So it’s funny. I just finished the book I was talking about by Christine Platt is called The Afro Minimalism Guide to Living With Less. And she talks about that exact thing. And I had never thought about this until I read it because I had the same perception that minimalism is all white and it’s all cream, and there’s nothing in your house except the wooden base with some Pampas grass in it, and it’s completely Pinterest worthy and all of that. But I found it so cool because if you follow her on Instagram, all of her stuff is Afrocentric, and there’s stuff in her house. It’s just very neatly organized and everything. And she mentions that minimalism is kind of whatever it means to you personally, as far as aesthetics go, it doesn’t mean that you have to get rid of all of your stuff. It just means that you re evaluate what you have and why you have it, I think, is the focus. And so that for me, is the same concept. I went through certain things like that. Like, we just talked about having stuff in my closet that just didn’t fit with anything, having fabric that I wasn’t wearing.

Alexis
Why do I have this polyester crepe? I don’t wear polyester like I bought it because it was pretty. Just things like that, learning where the need is and where the actual practicality is versus everything else. So I think when it comes to minimalism, you kind of have to evaluate what you want from the purpose that you’re intending and then add your own flair to that. For me, my closet right now, again, I don’t have a big closet, but I’m learning to fill it with more capsule, wardrobe based items. A lot of my stuff is oversized. A lot of my stuff. I try to make ties so I can cinch it so that if I get larger anything, it still fits me. Things like that. I wear dresses with pants. I wear sweaters with T shirts. That’s my aesthetic. It doesn’t mean that I had to get rid of it because I started having less. I made them interchangeable, and I made them work with each other. So I just think that we get so caught up in the way things look, and we want to make it look like somebody else’s, but we have to learn to put our own flair into the concept, not try to take somebody else’s aesthetic kind of situation.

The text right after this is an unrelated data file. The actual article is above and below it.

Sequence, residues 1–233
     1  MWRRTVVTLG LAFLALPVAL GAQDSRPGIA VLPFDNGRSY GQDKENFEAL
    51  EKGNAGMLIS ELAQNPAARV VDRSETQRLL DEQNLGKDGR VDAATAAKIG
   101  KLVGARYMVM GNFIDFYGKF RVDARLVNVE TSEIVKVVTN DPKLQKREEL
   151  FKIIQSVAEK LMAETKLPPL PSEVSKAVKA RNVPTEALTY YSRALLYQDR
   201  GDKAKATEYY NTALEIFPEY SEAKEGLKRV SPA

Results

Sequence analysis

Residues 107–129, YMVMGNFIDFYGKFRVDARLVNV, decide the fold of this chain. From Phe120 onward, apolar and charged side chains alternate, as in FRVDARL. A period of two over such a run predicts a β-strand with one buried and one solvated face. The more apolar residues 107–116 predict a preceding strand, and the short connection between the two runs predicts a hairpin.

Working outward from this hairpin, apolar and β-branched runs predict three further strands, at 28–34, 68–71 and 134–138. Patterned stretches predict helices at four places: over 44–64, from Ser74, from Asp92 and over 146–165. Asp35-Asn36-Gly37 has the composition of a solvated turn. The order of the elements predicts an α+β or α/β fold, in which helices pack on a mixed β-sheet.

So that’s what it means for me, even pattern wise. There could be a pattern, and it’s super popular, but it doesn’t fit my aesthetic. Oh, this popular pattern. It’s so pretty. And I used to just buy the pattern. Now it’s like, I know I’m not going to wear it, and it doesn’t fit my aesthetic, so I’m not going to get it. But when I see a good one, then I add it to my collection. I make sure it works with everything else I’m doing, so it’s just all interchangeable.

Sarai
You raised a really powerful point about this desire. People have to mimic somebody else’s aesthetic because it can be a lot of work to uncover your own aesthetic and really understand what resonates with you and why. And sometimes it’s just easier to copy somebody else. I think that’s such a big part of sewing and such an important thing for people to remember is that you have the power to do that.

Alexis
Yeah. And I don’t think there’s anything wrong with being inspired, but trying to make that person style your own is like just stick to what you like and make it work for you. It doesn’t have to look like it just get the point of it.

Haley
Yeah. I love that.

Sarai
Well, thank you so much, Alexis. This is such an awesome conversation. Thanks so much for joining us today and being on the show. We loved having you.

Alexis
Thanks for having me. I love talking sustainability, like, all day, anytime.

Sarai
Where can people find you if they want to follow you?

Alexis
My main account where I definitely pushed sustainability and sustainable making is at Hello, Alexis Bailey. Hello. My first and last name. That’s where I really tend to focus the narrative on sustainable making and buying and such, if you want to get into hand sewing. My other account is Fibr and Cloth Studio. That’s fiber with no e and cloth studio, just singular. So that’s where we talk about hand sewing and all kinds of different good stuff with fabrics and things like that.

Sarai
Awesome. And we’ll link both of those in the show notes so people can find you and they can find your websites, too.

Sarai
And we’ll also link the blog post that we talked about today that you wrote in the Show notes as well, so people can find that and give it a read if they want to. And if you like this episode, go ahead and leave us a review. We would love to hear from you.